On the last Sunday of 2018, I spent my final 3rd hour of church helping out in Primary. During the lesson, a sister in my ward was teaching the children the hymn, “Come, Follow Me.” In the process, she told them this story found in Luke, chapter 5:
4 Now when he had left speaking, he said unto Simon, Launch out into the deep, and let down your nets for a draught.
5 And Simon answering said unto him, Master, we have toiled all the night, and have taken nothing: nevertheless at thy word I will let down the net.
6 And when they had this done, they inclosed a great multitude of fishes: and their net brake.
7 And they beckoned unto their partners, which were in the other ship, that they should come and help them. And they came, and filled both the ships, so that they began to sink.
8 When Simon Peter saw it, he fell down at Jesus’ knees, saying, Depart from me; for I am a sinful man, O Lord.
9 For he was astonished, and all that were with him, at the draught of the fishes which they had taken.
This wasn’t the first time I had heard or read this story, of course. But in those moments, surrounded by little children, at the tail end of 2018, I was captivated. God was speaking to me: Listen. Do you understand what I’m telling you?
These were experienced fishermen. They had been fishing all night with nothing to show for it. They had absolutely zero reason to believe that suddenly their luck would change because a wandering teacher appeared and told them to cast their nets back into the water.
Would the story have as much impact if Simon had already caught loads of fish before Jesus appeared? Probably not. Perhaps Jesus had even orchestrated their fruitless night of fishing to maximize the impact of the next day’s catch?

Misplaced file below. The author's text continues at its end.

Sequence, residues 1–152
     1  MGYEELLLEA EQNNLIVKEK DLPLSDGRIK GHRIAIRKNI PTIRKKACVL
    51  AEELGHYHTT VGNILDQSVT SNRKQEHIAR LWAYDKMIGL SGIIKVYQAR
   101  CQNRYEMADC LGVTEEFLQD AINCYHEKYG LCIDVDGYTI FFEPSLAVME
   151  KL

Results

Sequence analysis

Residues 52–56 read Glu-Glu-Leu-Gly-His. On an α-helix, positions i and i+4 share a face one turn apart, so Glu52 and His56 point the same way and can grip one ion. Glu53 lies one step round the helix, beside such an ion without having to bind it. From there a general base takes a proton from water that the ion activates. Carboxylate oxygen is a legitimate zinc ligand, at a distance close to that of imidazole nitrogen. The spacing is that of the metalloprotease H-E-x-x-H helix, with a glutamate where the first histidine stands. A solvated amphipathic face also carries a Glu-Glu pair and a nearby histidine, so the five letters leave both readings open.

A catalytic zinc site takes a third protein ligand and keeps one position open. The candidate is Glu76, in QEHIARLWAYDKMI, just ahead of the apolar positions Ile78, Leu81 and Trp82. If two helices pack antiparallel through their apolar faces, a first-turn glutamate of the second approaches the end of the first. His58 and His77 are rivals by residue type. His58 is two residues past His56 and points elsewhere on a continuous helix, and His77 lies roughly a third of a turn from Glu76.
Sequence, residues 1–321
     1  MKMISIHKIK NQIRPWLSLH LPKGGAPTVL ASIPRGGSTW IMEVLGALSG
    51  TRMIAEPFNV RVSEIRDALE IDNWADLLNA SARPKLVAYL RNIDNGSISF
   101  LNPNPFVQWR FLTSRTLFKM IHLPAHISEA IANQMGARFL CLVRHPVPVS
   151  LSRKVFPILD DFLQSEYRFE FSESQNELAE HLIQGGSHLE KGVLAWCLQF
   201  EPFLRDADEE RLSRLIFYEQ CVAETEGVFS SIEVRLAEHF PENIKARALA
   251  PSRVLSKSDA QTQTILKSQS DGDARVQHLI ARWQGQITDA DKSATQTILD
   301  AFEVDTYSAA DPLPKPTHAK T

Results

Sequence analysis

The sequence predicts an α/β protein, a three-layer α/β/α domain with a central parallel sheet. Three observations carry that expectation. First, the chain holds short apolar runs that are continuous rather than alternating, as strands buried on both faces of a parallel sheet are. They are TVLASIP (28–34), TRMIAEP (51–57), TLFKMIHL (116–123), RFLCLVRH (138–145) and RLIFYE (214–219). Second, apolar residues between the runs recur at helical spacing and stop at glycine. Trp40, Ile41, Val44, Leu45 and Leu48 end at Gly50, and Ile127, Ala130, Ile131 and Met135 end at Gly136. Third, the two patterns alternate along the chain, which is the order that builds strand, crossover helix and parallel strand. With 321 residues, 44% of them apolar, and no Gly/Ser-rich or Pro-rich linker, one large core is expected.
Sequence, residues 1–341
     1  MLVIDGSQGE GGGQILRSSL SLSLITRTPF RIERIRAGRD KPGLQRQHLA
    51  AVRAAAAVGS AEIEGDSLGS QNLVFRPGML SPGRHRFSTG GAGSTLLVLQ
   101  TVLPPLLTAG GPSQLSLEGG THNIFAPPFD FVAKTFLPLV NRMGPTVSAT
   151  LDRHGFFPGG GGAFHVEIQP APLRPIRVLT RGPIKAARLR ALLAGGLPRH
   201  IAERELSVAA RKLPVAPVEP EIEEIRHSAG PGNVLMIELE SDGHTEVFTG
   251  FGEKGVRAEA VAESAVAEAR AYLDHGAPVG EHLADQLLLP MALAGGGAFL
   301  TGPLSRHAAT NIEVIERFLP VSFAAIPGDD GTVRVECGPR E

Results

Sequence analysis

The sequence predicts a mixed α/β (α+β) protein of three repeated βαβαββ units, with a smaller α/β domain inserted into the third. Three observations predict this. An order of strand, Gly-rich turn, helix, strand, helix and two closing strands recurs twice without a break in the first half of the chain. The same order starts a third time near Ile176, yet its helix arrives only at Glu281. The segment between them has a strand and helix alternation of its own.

Perhaps the utter disaster of my first Zoloft weaning attempt wasn’t a failure at all? Perhaps it was orchestrated, in part, to give more impact to the next attempt? Experience has taught me that I can’t handle weaning off of my medication. My psychiatrist told me I would very likely need to take this medication for the rest of my life. I have “fished” for a cure, and I have come up with nothing.
That Sunday afternoon, I was Simon, sitting in my empty boat, familiar with the disappointment of toiling without success, and there was Jesus saying:
Just try again. This time it will be different. Trust me.”
If I trust Him, if I once again “let down my nets,” will I too see a miracle? Will I fall on my face, like Simon, utterly overwhelmed by the magnitude of the blessing poured upon me?
When I think about what it would be like to receive this gift I have longed for, I get choked up. I cry. My heart swells up, and I have to pull myself back, reign in all that euphoria waiting to burst out of me. It seems just too wonderful to ever be real, and it is so terrifying to even get my hopes up.
I’ve weaned down to 1/4 of my dose, and I’m launching my boat out into the deep, but I’m stalling. Not quite ready to throw those nets down again.
Will you pray for me? That I can have the faith to say, as Simon:
At thy word, I will let down the net.”